You're in the right place! We've changed our look!

Chef & Farmer: The Farm-to-Table Relationship Revealed

Farm-to-table cuisine is one of my passions. Lots of restaurants talk about freshness – but what does that really mean?

We take that idea of freshness to the next level. Sometimes we say that guests in our café may have travelled farther than the food has from the farm!

We bring in vegetables from small, private, local or regional farms. Most of our fish is caught from nearby waters. Many types of meat are brought in from humane, local pastures. A lot of dairy products are sourced from within the region in which we operate. Even the olive oil we use comes from a delightful olive farm at neighbor state of Georgia.

It’s really smart to know where your food comes from. One of the reasons that I am a proponent of Farm-to-Table cuisine is that it is a healthier way to eat. Foods that sit in a warehouse or a truck for long periods of time lose their nutrients. The longer it takes to get to the table, the less wonderful the food is for your body. When food is delivered quickly to your plate, the taste is certainly better – but the positive impact that great foods have on our bodies is only enhanced by a short farm-to-table life cycle.

Looking at vegetable specifically, here is an insider sneak peek at how Farm-to-Table works. I don’t just go to the farm and say, “what do you all have?” I actually start in the planning process – before the seeds are ever planted. I talk with the farmers about my ideas for the next menu. I listen to the farmer. I learn about what the growing trends are for vegetables. I hear what the land is saying to the farmer about the most nutrient-rich and delicious foods that can be yielded. This dialog is elemental to my success. Once we determine together the selection of vegetables to be planted and understand the growing and harvesting season, I go back to my kitchen and plan. Based on the optimal picking times, I can figure out when my next menu can launch.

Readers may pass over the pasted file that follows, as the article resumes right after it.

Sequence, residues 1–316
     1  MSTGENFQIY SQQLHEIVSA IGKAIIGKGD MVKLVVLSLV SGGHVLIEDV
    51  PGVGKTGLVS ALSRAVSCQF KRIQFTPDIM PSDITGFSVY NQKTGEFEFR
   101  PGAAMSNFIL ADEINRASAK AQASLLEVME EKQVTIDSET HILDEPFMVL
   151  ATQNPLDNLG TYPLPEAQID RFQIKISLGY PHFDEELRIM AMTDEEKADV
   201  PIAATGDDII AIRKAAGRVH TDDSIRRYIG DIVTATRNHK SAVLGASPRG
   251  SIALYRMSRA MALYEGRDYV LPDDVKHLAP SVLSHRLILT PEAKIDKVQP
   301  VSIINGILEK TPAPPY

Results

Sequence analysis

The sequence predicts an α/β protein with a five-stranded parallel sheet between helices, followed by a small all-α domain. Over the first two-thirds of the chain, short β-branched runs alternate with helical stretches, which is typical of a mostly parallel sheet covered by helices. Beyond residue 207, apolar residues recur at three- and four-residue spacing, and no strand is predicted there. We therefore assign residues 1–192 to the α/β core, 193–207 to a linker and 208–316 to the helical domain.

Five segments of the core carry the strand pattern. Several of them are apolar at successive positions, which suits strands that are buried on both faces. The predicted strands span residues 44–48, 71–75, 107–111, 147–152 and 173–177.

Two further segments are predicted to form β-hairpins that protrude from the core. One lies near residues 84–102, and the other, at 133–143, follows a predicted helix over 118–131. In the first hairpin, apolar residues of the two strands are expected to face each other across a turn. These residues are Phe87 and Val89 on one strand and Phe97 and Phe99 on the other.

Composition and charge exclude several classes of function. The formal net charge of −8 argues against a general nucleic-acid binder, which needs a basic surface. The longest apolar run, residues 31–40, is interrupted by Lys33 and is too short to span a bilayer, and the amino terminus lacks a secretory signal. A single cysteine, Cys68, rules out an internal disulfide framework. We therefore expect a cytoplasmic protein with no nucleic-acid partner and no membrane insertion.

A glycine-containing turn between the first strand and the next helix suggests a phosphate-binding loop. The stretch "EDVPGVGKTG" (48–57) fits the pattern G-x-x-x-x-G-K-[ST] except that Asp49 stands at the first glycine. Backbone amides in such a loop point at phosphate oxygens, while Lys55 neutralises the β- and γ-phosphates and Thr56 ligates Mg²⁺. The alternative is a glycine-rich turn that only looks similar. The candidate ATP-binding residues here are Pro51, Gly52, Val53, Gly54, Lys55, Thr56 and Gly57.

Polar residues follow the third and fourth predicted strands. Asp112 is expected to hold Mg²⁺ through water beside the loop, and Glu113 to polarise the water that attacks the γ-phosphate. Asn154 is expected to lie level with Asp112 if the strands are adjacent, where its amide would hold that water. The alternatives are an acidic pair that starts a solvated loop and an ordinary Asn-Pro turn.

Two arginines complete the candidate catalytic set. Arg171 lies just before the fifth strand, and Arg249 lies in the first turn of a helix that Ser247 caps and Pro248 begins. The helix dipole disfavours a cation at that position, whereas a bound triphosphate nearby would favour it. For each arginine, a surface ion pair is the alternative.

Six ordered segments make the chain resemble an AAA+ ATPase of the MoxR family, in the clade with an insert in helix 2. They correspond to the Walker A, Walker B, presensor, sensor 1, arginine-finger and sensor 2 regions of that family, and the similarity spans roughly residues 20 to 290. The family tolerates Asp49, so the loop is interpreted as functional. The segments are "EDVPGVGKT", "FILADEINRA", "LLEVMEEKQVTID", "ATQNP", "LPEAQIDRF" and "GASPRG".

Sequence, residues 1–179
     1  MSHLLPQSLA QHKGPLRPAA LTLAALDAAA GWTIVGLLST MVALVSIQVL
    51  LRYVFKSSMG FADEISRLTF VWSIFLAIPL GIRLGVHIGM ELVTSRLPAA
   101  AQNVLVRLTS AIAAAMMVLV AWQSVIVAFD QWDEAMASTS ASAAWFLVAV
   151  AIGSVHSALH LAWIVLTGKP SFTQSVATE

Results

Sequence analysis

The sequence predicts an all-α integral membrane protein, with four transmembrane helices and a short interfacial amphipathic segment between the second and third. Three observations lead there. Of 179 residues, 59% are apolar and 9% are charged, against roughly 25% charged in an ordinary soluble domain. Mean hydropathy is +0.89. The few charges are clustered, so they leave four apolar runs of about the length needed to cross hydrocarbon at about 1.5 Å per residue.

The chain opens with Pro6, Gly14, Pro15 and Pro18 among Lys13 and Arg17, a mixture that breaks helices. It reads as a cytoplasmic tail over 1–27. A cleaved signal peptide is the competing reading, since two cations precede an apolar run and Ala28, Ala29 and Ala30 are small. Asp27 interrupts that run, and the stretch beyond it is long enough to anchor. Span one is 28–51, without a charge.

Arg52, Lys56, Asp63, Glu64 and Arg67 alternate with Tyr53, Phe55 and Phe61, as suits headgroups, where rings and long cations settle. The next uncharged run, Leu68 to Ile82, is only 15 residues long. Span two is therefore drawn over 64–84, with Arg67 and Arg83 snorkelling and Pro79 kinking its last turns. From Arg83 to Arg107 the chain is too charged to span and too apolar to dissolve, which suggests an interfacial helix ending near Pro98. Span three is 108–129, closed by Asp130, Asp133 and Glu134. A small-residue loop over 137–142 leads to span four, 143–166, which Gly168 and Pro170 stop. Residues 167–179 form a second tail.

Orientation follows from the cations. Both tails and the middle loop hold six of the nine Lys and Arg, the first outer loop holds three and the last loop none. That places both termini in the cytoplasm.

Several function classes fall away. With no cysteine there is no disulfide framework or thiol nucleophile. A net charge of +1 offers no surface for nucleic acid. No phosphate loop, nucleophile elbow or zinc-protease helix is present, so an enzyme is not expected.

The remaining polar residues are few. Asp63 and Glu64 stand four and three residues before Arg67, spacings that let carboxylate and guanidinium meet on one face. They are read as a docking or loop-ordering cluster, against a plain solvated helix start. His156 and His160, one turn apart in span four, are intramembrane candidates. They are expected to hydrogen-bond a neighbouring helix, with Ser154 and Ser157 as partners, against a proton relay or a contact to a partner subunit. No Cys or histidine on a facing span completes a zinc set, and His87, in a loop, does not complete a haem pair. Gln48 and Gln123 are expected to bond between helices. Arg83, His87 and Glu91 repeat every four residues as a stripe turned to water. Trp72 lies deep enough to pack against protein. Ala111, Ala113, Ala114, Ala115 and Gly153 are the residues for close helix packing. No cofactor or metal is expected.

For example: radishes. I have integrated a lot of radishes into my current menu. This idea began many months ago when I met with Barefoot Farmer farm. We decided that Paul would plant watermelon radishes on his farm. This relationship was the foundation of a menu item called beet cured salmon with farm radishes and cultured butter. In a way, these radishes were specifically grown for the guests in our restaurant. To me, that is a charming piece of information that our diners can appreciate. It makes for a truly personalized and special experience that you can’t just get anywhere.

When it’s harvest time, I start to bring all of the ingredients together. I bring the perfect flavors to life, paying tribute to the natural tastes of the vegetables, meats, fish and other foods. Freshness takes on a whole new meaning, as our guests enjoy the pure simplicity of farm-to-table cuisine.

Visit our restaurant and ask about where the food comes from. Our staff is familiar with-and excited about-the sourcing of our foods and can give you lots of insights. At other restaurants, too, ask about the food. Eat knowingly and look for the farm-to-table establishments. You and your body will be happier. After a while, foods that are picked at the height of freshness and swiftly delivered to your table will be all you want.

Coming soon, we will be offering very special dining experiences. You can book for small parties of 6-8 in the dining room at our Park Avenue store. These small parties will have a prixe-fixe multi-course menu hand picked from our local providers and specially prepared by me. Stay tuned for more details on these special dining experiences.

I sincerely appreciate you reading my blogs – and would love to host you at our flagship Barnie’s CoffeeKitchen café in Winter Park, Florida. For those of you who read my last blog about how I BREWSTICKS in the kitchen – I hope you have had the opportunity to try some of my recipes!

Yours in Coffee & Cuisine,

Chef Camilo

Cuisine Farm to Table

← Older Post Newer Post →

Leave a comment

Please note, comments must be approved before they are published